Recently we’ve accepted the notion that in all our future projects at Modelware, we’ll be using the NHibernate Object/Relational-Mapper for our data access and persistence.
I had a few tweets asking what my reasons were for pushing NHibernate over ADO.NET EF4 (and I expect other ORMs like OpenAccess).
Before we really look at my choice of NHibernate over ADO.NET EF4, lets just look at EF4’s strengths over NHibernate:
- ADO.NET EF has a gentler learning curve.
- Visual designer helps you to get rolling right “out-of-the-box.”
- T4 Code generation for all entities.
- A complete LINQ provider.
- More complete and structured documentation in the MSDN Libraries.
There’s no denying that NHibernate has a steeper learning curve than ADO.NET EF4. Mastering NHibernate is going to mean spending some disciplined hours reading documentation, watching screencasts and doing some practice projects.
The visual designer for ADO.NET EF is great too, and the T4 code generation that comes bundled with it does a great job of getting the initial work done.
However this is where my problem with ADO.NET EF4 comes in. Looking at all the points above, none of those give me an advantage over any other ORM while actually writing the code that will be handling persistent data. (Except perhaps the LINQ provider, but NHibernate’s LINQ provider is pretty decent these days too)
My biggest gripe with ADO.NET EF4 is that your object context is a concrete type. Tightly coupling code to a concrete data layer isn’t my idea of fun, particularly when it comes to unit testing code independently from the database.
If you want to unit test your code independently from the object context, you need to implement some kind of IRepository
The argument for keeping your DAL separate from your application is usually along the lines of “what if I want to change my ORM one day?” - If you’re asking those kinds of questions then I suggest you go back to the project planning stage and define what technology will best suit your application up front. Locking your ORM up in the backroom behind layers of abstraction means losing a lot of the power available. With EF4, creating an abstraction layer is important for unit testing, but in NHibernateLand we have a fully abstracted query API right out of the box that’s a breeze to unit test and hold in an IoC container if you just follow the standard practices.
The XML mappings are undeniably one of the less-loved features of NHibernate, however the developers have gone through a lot of effort to make them as easy to write as possible. Once you’ve done it a few times and you have the XSD files in your project for IntelliSense, they’re really a breeze to write and understand. The XML mappings expose a lot of nuts and bolts in the engine that EF4 doesn’t have available.
NHibernate has a lot more options for reducing the number of remote calls we make to our database. Besides the options to do optional eager loading which are present in both NHibernate and ADO.NET EF4, NHibernate can batch multiple queries together for a single round trip to the database. This is easy to do using Futures or using the MultiCriteria/MultiQuery methods on the ISession and provides a great way of dealing with the SELECT N + 1 anti-pattern if eager loading the whole set is overkill.
Whenever there’s something that needs to go beyond what the framework provides with ADO.NET EF4, you find yourself backed into a corner and finding workarounds because there simply is no extensibility model. NHibernate has more extension points than you could dare to shake a stick at and there are already open source extensions for most use cases. NHibernate.Search provides full text search indexing with Lucene.Net, NHibernate.Validator brings in attribute-based validation, NHibernate.Spatial lets you link the NetTopologySuite directly to your data with some simple xml mappings and NHibernate.Shards lets you query against multiple shards of your database.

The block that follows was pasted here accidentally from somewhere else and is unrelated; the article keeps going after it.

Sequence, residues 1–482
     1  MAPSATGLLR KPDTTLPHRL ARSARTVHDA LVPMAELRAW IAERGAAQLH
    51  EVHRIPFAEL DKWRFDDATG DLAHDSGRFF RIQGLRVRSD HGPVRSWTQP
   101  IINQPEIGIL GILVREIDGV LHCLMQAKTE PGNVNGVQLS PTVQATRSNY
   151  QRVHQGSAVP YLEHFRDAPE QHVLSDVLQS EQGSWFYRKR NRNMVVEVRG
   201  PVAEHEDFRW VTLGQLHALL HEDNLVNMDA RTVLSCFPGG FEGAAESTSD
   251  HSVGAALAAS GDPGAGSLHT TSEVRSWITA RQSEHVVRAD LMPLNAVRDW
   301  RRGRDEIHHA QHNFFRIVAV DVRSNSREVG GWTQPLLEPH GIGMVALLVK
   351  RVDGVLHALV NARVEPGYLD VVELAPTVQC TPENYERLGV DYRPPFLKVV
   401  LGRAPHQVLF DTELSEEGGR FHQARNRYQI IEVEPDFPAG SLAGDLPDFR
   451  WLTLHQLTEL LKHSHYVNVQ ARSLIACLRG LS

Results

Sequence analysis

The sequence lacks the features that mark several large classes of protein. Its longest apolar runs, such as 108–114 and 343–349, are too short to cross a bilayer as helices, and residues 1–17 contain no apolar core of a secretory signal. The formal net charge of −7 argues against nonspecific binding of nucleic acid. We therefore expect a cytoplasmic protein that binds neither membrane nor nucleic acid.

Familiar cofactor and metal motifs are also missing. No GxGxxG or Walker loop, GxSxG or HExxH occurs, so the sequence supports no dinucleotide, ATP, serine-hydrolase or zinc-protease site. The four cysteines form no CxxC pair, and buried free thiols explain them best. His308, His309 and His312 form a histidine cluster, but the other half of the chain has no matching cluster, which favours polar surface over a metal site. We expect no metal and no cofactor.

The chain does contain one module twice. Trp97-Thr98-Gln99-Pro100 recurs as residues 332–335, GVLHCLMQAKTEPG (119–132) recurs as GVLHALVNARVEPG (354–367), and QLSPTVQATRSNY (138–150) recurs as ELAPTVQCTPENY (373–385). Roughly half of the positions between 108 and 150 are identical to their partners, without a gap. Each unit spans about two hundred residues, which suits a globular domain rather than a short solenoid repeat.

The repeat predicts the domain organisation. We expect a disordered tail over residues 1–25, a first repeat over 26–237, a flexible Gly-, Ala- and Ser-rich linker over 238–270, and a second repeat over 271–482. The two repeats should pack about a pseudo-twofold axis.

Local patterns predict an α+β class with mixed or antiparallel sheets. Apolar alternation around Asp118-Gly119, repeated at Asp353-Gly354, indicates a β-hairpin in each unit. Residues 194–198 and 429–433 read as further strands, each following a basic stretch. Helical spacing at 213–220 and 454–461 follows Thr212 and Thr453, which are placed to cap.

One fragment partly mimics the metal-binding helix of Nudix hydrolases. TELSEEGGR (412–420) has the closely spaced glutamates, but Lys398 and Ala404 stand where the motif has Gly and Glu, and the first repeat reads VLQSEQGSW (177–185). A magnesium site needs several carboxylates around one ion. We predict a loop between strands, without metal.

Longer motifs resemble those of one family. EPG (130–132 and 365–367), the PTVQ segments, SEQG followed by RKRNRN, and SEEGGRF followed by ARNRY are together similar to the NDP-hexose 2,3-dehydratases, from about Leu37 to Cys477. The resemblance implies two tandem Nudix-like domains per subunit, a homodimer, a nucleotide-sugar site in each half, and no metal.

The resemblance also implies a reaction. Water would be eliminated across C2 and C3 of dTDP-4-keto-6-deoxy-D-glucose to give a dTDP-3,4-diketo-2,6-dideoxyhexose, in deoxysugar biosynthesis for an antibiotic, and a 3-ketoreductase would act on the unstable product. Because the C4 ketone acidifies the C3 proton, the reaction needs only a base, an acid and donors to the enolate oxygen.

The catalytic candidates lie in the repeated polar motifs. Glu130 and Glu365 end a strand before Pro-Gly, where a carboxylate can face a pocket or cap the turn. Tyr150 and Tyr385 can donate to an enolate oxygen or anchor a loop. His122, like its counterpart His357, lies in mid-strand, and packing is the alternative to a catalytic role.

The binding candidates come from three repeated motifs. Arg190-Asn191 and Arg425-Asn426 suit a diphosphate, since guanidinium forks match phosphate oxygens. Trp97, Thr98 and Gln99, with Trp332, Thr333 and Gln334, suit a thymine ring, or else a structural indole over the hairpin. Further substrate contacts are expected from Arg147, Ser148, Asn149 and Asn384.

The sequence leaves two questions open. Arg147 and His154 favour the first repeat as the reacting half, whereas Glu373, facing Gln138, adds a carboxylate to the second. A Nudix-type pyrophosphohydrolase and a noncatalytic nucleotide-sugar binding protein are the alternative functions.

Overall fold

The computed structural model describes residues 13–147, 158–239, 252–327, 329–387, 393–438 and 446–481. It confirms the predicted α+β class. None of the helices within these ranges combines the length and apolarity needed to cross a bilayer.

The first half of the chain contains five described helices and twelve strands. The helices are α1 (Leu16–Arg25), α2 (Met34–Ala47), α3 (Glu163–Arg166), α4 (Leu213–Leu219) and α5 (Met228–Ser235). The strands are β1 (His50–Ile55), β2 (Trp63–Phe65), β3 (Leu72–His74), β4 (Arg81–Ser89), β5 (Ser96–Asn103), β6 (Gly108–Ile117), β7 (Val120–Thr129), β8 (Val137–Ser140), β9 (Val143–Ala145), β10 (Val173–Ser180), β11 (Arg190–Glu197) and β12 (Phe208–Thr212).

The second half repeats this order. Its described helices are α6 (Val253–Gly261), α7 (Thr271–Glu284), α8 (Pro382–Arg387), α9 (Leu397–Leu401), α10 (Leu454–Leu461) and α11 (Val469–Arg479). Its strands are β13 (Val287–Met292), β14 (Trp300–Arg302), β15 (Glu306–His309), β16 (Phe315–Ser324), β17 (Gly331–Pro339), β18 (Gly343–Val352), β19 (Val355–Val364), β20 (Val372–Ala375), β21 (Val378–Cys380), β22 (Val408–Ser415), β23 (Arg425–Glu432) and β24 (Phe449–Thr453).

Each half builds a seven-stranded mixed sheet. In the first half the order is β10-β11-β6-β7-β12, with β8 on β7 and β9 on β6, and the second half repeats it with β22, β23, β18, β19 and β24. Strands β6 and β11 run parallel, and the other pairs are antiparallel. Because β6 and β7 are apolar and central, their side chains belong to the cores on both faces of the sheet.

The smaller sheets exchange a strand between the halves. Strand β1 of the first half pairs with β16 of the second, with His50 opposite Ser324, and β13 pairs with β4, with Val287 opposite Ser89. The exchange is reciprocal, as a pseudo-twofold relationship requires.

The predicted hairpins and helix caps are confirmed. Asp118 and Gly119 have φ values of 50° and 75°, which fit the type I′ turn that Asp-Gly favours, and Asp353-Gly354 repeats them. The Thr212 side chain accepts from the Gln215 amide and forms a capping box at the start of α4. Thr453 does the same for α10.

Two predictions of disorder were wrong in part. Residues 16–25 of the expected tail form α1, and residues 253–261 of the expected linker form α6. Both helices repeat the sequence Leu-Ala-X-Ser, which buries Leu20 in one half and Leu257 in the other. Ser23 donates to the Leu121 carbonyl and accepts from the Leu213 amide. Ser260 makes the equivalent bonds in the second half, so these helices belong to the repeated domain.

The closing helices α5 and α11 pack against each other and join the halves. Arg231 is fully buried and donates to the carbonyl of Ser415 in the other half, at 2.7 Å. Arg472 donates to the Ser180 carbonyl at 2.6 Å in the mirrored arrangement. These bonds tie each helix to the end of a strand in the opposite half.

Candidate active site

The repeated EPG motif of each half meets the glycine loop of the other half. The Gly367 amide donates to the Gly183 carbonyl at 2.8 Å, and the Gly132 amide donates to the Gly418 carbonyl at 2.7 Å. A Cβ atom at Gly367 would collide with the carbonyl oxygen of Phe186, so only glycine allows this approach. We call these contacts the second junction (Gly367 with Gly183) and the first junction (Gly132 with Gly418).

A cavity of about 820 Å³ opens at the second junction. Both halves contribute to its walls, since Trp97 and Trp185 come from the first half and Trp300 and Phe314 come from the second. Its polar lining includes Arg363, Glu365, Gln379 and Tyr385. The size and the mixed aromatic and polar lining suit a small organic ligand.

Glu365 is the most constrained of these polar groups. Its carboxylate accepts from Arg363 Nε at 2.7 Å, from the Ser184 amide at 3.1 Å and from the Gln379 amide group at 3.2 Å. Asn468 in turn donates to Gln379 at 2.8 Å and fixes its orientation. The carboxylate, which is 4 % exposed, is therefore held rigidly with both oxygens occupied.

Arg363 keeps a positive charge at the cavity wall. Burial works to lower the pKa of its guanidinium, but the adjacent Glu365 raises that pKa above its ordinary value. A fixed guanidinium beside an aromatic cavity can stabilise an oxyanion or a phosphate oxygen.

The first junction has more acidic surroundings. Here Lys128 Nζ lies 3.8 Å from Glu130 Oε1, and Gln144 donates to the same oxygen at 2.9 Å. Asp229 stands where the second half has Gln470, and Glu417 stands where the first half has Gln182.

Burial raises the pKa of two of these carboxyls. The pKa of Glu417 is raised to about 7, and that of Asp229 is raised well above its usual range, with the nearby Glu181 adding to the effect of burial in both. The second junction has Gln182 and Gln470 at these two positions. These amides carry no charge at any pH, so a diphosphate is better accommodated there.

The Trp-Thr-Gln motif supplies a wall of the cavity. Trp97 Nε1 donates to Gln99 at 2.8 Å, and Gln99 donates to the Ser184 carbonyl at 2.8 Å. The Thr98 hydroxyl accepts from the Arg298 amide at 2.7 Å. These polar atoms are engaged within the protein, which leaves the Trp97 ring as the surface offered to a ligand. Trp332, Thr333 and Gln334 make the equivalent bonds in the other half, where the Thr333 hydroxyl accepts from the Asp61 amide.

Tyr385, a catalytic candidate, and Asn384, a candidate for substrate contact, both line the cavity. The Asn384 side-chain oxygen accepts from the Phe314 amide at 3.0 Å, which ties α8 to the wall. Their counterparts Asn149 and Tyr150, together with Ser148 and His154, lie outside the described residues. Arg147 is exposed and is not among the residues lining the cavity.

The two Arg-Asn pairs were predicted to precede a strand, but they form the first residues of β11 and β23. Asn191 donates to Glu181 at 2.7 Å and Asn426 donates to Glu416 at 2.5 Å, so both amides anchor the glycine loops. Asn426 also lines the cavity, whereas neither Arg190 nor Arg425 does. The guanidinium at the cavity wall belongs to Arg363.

When NHibernate lacks a certain operation, it almost always has a way of letting us get into the engine and walk it through what it needs to do. A classic example I found is implementing an IUserType in NHibernate to let us hook up a polymorphic state pattern in our code and have our instantiation code in one unit-tested location.
As an open-source ORM, any bugs that we do find in NH usually get resolved and implemented into the trunk very quickly. With EF any change would have to be included as part of a service pack or new release altogether which could mean anything from 6 months to 2 years before a change gets implemented in production code.
NHibernate is also fully compliant with Mono and will work equally well under the .NET CLR or under the Mono framework on UNIX-based operating systems. ADO.NET EF4 will only work on the Microsoft implementation.
Ayende Rahien’s NHProf is an invaluable tool for NHibernate users. While there is an EFProf, the alerts and warnings it gives and the options available to correct them are still limited by comparison to NHProf & NHibernate. The quality of SQL code that gets built by NHibernate is top quality, and when I find something I’m not happy with it’s usually my own error.
NHibernate has been around for a long time – a lot longer than EF has. As it has matured, some great developers have joined the community and the technology has proven itself over and over again in production code.
Above those though, the one biggest reason that I will keep using and pushing NHibernate is that I really enjoy using the tool! Having broken through the initial learning curve and seeing the options opening up, I find it easier to get into the ‘groove’ when coding against NHibernate than any other ORM or DAL that I’ve used. I absolutely love it :)